Brando kills the film for me though (I should stress his performance has as many fans as it does detractors). Reportedly a holy terror on the set, to the point that Richard Harris and Trevor Howard refused to ever work with him again, Brando drove one director (Carol Reed) off the production halfway through, and so flabbergasted Reed’s replacement, the veteran director Lewis Milestone, that Milestone pretty much let Brando direct his own scenes, just to get the long problem-plagued production over with. This probably explains the scene where Christian interrupts a meeting wearing a nightshirt and cap, smoking a long pipe and talking in the most, how shall I say it, twerpiest and mincing high pitched voice imaginable. It’s Brando at his most eccentric, almost as cringe-inducing as his final scenes on Pitcairn Island.
However, there are wonderful compensations. The producers re-created an actual sailing ship of the era and it’s a thing of beauty to watch as it makes its way halfway across the world. The photography is splendid and the Tahitian locations are staggering in their beauty.
As I said earlier, the film boasts an incredible score by M-G-M staff composer Bronislau Kaper. The film underwent so many cuts that the film was scored and re-scored several times. The invaluable Film Score Monthly record label last year issued a 3-disc CD of the score and its various incarnations. Kaper recorded three different endings to the film, the one heard now (quieter and more melancholy), a more traditional big finish one and one for a prologue and epilogue that were eventually cut out of the film but shown on ABC-TV in the late 1960s for the film’s network television premiere.
My aforementioned friend Jim, who works in a recording studio, took the louder ending and dubbed it onto a separate disc of the film. I actually prefer the bigger ending to the quieter ending. All three are great, though, and it’s interesting to hear how Kaper achieves a different effect using the same thematic material.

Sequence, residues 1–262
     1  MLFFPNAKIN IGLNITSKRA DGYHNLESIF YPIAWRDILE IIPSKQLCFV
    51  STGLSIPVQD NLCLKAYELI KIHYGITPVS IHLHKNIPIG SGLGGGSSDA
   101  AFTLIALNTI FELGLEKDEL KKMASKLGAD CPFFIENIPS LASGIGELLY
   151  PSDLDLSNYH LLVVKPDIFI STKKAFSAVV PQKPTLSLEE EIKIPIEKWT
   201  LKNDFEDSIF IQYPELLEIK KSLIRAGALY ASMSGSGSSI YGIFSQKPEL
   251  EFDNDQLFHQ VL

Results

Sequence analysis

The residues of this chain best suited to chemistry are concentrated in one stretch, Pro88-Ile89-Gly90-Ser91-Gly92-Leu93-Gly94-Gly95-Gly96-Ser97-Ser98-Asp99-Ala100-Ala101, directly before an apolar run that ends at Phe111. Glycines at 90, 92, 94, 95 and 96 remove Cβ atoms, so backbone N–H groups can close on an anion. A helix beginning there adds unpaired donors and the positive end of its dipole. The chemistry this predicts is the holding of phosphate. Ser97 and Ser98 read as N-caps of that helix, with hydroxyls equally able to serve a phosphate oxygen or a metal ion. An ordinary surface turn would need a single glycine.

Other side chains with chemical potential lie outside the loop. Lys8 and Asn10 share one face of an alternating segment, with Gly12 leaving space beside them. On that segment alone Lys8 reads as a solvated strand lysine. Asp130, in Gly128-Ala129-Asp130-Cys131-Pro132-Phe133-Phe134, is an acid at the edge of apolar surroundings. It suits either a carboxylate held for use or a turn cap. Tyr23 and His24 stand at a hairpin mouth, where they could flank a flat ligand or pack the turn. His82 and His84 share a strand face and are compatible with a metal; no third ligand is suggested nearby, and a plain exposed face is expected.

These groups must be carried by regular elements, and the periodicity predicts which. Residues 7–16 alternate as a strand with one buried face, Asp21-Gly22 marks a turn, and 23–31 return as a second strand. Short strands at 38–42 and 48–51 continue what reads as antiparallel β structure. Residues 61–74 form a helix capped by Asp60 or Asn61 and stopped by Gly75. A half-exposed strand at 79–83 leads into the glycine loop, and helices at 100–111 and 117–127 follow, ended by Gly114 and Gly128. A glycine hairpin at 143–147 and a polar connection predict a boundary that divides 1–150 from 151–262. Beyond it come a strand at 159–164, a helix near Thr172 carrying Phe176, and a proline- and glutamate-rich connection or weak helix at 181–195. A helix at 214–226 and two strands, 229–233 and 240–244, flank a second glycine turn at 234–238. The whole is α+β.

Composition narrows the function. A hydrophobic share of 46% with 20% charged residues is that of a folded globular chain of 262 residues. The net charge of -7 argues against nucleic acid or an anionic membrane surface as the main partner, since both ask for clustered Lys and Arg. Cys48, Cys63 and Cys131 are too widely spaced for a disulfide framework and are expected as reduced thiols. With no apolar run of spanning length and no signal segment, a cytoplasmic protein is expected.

Kaper was nominated for an Oscar for Best Score that year but lost to Maurice Jarre for “Lawrence of Arabia” The other score nominees that year were Elmer Bernstein for “To Kill A Mockingbird,” Franz Waxman for “Taras Bulba” and Jerry Goldsmith for “Freud.” I look at that list and compared to what we hear today I want to weep.
My favorite version of the story remains the 1935 version. In 1984, there was a terrific version released with Mel Gibson as Christian and Anthony Hopkins as Bligh. I only saw it once, but remember it being quite good, with Bligh being more sympathetic than usually portrayed and the mutiny being caused by the effects of the hedonistic lifestyle on Tahiti as much as anything else. That version has a screenplay by Robert Bolt, whittled down from a two-part movie he worked on for years for director David Lean. Alas, we never had an opportunity to see a Lean-directed Bounty saga, but what a movie that would have been.
In 1933, a young Errol Flynn stepped before a movie camera for the first time to play Fletcher Christian in an Australian film called “In the Wake of the Bounty.” It’s a crude production, but an interesting one. It probably would be forgotten today if it weren’t for Flynn, who in real life was a distant relation to Fletcher Christian. As a boy Flynn used to play with one of his famous ancestor’s swords. Even before he became a world-famous movie star, Flynn chafed at authority. I’m sure he understood Fletcher Christian very well.
Rating for the 1962 “Mutiny on the Bounty”: Two and a half stars.